Condo buyers in Canada’s already pricey markets may be the next to pay up as the trade battle with the U.S. radiates through the construction industry.

Canada imposed a 25 per cent tariff on U.S. steel imports on July 1, retaliating against levies President Donald Trump slapped on goods from its northern neighbor a month ago. Prime Minister Justin Trudeau’s government is also said to be preparing quotas and tariffs for other countries to prevent a flood of steel rushing in to undercut prices.

Steel fabricators and metal importers say the tariffs will jack up prices for everything from rebar used in high-rise condos to structural steel for industrial builds in a market already facing shortages and soaring prices. Job losses and stalled projects are likely, they said.

“If the government’s not careful, they will protect one at the expense of ten times that elsewhere,” said Walter Koppelaar, chief executive officer and chairman of Walters Inc., a Hamilton, Ontario-based steel construction company that counts Brookfield among its customers. “If they apply duties to broad-spectrum steel or metal of any shape, size or description, our industry here would be decimated -- it could be thousands of layoffs and it’s going to shut down projects right across this country.”


The comments underscore the widening impact of Trump’s move to upend the world trade order to get what he deems is fairer access to international markets and to protect domestic jobs. He’s pledged tariffs on US$50 billion worth of goods from China and imposed levies on imports of steel and aluminum from Canada, Mexico and the European Union. Each region has struck back with countermeasures or is planning tariffs of their own.

The price of steel used for construction projects across the country has already soared by about 38 per cent in 2018 due to a booming property market and a lack of supply, according to the Canadian Coalition for Construction Steel which represents 17 companies.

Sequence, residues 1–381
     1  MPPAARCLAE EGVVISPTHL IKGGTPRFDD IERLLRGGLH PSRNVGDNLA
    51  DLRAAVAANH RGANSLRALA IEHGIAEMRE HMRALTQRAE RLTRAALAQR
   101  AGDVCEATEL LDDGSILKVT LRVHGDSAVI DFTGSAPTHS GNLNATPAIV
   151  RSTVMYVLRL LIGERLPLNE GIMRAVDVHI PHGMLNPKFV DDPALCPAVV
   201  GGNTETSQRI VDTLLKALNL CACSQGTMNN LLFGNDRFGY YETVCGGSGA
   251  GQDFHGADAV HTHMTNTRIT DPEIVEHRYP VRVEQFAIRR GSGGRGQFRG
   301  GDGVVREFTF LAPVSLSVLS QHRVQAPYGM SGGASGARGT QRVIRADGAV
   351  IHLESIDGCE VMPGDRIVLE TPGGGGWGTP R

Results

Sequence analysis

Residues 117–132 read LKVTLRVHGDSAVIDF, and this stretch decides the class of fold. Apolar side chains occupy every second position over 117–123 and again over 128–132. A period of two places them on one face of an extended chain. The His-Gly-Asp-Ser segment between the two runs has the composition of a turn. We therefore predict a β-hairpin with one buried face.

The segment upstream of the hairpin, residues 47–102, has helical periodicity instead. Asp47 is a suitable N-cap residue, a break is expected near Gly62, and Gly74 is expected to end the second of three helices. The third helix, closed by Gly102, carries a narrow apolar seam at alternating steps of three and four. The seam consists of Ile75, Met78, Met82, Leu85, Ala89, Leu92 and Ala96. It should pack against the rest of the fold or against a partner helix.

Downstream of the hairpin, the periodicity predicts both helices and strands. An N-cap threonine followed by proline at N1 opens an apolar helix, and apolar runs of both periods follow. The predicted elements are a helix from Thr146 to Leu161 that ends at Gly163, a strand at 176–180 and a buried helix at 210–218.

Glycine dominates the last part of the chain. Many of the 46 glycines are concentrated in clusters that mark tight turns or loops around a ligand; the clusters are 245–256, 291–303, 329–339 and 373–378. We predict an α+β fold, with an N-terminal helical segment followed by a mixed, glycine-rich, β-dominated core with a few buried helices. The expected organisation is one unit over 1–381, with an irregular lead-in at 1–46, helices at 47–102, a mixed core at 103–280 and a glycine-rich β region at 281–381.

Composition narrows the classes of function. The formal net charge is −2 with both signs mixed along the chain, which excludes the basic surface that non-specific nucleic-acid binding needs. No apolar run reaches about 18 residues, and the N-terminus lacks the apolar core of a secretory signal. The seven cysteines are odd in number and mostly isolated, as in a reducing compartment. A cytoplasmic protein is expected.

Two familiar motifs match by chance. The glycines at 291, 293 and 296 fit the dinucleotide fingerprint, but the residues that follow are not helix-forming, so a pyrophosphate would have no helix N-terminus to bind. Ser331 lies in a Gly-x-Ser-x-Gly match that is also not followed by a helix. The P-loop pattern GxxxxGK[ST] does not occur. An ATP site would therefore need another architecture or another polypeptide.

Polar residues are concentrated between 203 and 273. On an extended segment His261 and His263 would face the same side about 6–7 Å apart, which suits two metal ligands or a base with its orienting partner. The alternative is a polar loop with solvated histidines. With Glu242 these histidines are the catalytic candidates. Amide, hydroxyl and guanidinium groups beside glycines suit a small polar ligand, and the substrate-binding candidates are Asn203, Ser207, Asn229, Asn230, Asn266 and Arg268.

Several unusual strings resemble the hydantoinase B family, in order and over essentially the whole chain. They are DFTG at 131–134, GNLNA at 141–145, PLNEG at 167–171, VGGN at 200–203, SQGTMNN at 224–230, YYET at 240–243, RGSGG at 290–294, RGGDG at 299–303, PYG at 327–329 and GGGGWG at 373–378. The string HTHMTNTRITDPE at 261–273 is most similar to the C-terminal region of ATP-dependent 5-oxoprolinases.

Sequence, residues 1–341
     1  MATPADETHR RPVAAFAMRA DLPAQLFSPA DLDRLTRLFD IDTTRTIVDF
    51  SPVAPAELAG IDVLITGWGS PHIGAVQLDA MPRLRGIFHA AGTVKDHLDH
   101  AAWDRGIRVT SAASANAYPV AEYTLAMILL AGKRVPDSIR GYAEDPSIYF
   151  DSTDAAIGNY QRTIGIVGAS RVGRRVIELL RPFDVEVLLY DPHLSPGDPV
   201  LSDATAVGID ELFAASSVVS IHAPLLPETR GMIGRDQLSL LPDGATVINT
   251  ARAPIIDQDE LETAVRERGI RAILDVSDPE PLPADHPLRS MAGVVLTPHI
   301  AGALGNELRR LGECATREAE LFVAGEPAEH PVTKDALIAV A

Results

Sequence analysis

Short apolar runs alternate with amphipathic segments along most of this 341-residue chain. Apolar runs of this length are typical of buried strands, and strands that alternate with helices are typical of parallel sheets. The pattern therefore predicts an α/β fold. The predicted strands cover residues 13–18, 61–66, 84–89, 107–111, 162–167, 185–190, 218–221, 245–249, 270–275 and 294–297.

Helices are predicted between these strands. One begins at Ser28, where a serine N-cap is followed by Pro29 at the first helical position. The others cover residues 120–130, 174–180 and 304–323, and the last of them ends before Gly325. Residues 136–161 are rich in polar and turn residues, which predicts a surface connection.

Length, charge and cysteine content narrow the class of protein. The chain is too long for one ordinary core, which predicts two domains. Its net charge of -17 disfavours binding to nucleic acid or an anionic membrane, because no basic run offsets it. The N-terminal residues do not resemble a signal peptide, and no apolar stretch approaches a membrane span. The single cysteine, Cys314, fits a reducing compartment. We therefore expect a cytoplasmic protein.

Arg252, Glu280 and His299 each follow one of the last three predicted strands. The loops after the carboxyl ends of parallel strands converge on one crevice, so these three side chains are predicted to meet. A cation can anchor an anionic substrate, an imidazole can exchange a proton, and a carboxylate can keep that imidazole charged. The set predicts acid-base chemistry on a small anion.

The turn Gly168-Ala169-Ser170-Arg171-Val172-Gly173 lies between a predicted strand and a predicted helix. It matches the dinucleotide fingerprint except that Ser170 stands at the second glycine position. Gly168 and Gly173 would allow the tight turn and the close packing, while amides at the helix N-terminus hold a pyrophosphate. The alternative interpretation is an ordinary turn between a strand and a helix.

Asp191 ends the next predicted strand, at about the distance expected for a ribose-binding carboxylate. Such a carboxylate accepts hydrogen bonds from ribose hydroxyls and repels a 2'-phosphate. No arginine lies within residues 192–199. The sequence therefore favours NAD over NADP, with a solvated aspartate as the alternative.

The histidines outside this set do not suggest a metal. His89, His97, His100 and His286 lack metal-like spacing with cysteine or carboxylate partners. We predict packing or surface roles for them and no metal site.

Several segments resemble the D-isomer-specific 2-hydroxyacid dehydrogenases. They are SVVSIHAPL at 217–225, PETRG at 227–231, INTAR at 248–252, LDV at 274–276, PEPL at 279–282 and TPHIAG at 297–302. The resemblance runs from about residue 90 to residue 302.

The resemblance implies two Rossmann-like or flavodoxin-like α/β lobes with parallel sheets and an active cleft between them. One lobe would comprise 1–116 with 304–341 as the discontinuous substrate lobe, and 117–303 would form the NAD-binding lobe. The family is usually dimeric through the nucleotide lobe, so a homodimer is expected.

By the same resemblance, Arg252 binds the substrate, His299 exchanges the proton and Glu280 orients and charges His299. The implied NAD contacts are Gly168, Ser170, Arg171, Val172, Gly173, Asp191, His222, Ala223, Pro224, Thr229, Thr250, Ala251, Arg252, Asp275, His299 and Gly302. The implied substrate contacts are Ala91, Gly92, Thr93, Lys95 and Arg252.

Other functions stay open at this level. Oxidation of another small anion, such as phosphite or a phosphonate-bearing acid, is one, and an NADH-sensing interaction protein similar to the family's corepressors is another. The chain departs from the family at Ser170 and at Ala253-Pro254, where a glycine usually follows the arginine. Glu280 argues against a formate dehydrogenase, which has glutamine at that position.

“Additional safeguard surtaxes of even 10 per cent will put fabricators and purchasers into a loss position and they will not be in a position to supply the market,” according to a letter sent by the group’s representative to the government.

Further measures would be “catastrophic,” Koppelaar said. Domestic mills produce only about 10 percent of the structural steel and about half of the rebar supply in the industry, he said.

Even though global steel tariffs haven’t been confirmed, Ferrostaal Steel Canada Inc., a rebar importer whose parent company is Hamburg-based Ferrostaal Trading GmbH, isn’t signing new contracts for now because it doesn’t know what its prices will be.

“The margins are so slim on steel imports that you can’t just absorb a 25 percent tariff,” Tim McMenamin, vice president at Whitby, Ontario-based Ferrostaal, said by phone. “We’re not even offering steel into Canada because we are the importer of record so if all a sudden, there’s a surtax of 10 to 25 per cent, that could create bankruptcy for trading companies such as ours.”

Wider steel quotas or tariffs would hit British Columbia hard as the province has historically relied on imports for more than 60 percent of its annual consumption, according to the Coalition.


“If they put this quota or tariff on imported materials, we will have no supply,” Anoop Khosla, president of Midvalley Rebar Ltd., said by phone. The Surrey, B.C.-based rebar fabricator and installer sources more than half its supply from offshore countries such as Turkey, Vietnam and Indonesia. “We would have shortages of material come September, October.”

The strain would hit a condo market that saw prices soar 8.3 per cent in Toronto in May from the year before and 20 percent in Vancouver. Some projects have already been canceled due to rising costs.

To be sure, rebar supply typically only represents about 4 percent of a project’s cost so a 25 percent tariff would only result in about a 1 per cent increase in the cost of a building, according data to provided by Altus Group Ltd. Still, the increases are likely to be passed on, Altus said.

Developers aren’t too concerned so far.


“On the jobs that we’ve done, we have already tendered the deal so those prices are locked in,”Geoffrey Matthews, senior vice president of high rise at Great Gulf Group, said by phone. On upcoming developments like the Gehry project in downtown Toronto, the company would likely apply a high contingency against costs at the early stages to manage potential risks, he said.

Koppelaar at Walters is forecasting a further jump in steel prices of as much as 30 per cent if the wider tariffs go through.

“It’s well beyond just that projects will be done at zero profit and well into the fact that we’re going to bleed red ink and different companies will have different capacities for how long they can bleed before they die,” Koppelaar said.